Neil’s portrayal captures the complexity of Cleopatra’s character, exhibiting her intelligence, charm, and seductive nature. The film explores Cleopatra’s passionate relationship with Mark Antony and her political influence over him. Neil’s performance brings depth and vulnerability to Cleopatra’s character, highlighting her strength as a ruler and also her personal struggles. Her portrayal adds layers to Cleopatra, creating a captivating and sympathetic figure on-screen.
This made-for-television miniseries provides a fresh perspective on the iconic Egyptian queen. Directed by Franc Roddam, the series stars Leonor Varela as Cleopatra in this adaptation of Margaret George’s 1997 historical fiction novel, The Memoirs of Cleopatra.
This portrayal offers a more youthful and vibrant interpretation of Cleopatra’s character, emphasising her intelligence, resilience, and political acumen. Varela brings strength and determination to the role, showcasing Cleopatra’s ability to navigate Ancient Egypt’s treacherous political landscape. While this portrayal may deviate from the traditional image of Cleopatra, it presents a compelling and dynamic version, highlighting Cleopatra’s historical impact.
The notable cast includes Timothy Dalton as Julius Caesar, Billy Zane as Mark Antony and Rupert Graves as Octavius.
This TV series features a captivating portrayal of Cleopatra, played by Lyndsey Marshal. Cleopatra is depicted as a charismatic and intelligent leader who wields her power with finesse. The series explores Cleopatra’s intricate relationships with Julius Caesar and Mark Antony, showcasing her strategic alliances.
Marshal brings a sense of depth and complexity to Cleopatra’s character, capturing her ambitious nature and captivating presence as a significant figure in the political landscape of ancient Rome.
African Queens: Queen Cleopatra (2023)
In this Netflix docudrama of Cleopatra’s struggle to protect her throne, family, and legacy as Egypt’s last pharaoh, Cleopatra is portrayed as an intelligent, shrewd and fearless leader who confronts the Roman Empire, utilising political and romantic alliances to her advantage. She is also depicted as a strong and empowered feminist, and the series highlights how unusual this was to Romans at the time, offering a further glimpse of why Cleopatra was so captivating.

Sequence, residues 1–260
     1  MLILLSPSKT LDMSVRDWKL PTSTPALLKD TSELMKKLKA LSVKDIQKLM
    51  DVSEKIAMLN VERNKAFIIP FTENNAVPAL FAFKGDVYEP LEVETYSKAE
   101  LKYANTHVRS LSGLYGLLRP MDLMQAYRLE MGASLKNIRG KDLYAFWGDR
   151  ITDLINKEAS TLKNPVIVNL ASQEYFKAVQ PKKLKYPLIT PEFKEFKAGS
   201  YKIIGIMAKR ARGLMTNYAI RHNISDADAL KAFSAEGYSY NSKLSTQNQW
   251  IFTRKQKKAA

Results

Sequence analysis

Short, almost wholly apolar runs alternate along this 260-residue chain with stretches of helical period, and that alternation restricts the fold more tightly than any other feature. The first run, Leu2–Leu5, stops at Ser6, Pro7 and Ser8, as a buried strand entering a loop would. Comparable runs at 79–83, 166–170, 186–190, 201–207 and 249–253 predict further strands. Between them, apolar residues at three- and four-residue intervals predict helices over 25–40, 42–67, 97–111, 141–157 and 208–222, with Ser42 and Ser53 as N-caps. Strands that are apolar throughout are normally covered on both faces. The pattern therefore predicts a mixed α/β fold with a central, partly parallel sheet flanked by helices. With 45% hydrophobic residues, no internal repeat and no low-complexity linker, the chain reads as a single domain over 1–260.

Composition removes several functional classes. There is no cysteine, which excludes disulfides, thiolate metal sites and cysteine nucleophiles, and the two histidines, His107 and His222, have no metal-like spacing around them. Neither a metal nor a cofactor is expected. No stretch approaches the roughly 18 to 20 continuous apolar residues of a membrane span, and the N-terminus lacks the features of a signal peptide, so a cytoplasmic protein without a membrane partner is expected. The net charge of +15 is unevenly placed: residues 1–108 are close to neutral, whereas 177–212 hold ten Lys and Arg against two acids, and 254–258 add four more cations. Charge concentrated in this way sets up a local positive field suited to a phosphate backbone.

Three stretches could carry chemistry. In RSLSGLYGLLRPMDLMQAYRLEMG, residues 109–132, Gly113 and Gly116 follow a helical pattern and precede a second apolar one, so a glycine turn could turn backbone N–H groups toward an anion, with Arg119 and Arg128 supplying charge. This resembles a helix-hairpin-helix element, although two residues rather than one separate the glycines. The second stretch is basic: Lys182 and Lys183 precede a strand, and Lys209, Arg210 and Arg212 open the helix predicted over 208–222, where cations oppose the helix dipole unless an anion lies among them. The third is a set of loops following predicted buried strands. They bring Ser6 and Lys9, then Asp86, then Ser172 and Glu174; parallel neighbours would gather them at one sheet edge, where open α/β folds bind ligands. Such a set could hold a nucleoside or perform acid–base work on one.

Controversy arose over the casting of Adele James – a British actress of mixed race – as Cleopatra. Whilst producers claimed Cleopatra’s ethnicity was not their focus, they did intentionally depict her of mixed ethnicity, reflecting theories about her possible ancestry and ancient Egypt’s multicultural nature. (Cleopatra’s mother’s identity is unknown, leading to the possibility that she, or another ancestor, was an indigenous Egyptian or from elsewhere in Africa).
This sparked controversy in Egypt. Lawyer Mahmoud al-Semary filed a complaint accusing the series of violating media laws and aiming to “erase the Egyptian identity”. Prominent Egyptologist and former antiquities minister Zahi Hawass was quoted as saying “Cleopatra was Greek, meaning that she was light-skinned, not black”, with Egypt’s Ministry of Antiquities also stating the series was a “falsification of Egyptian history”.
Ethnicity issues aside, while Adele James delivers a compelling performance, critics argue the series lacks objectivity in its portrayal of this iconic African queen.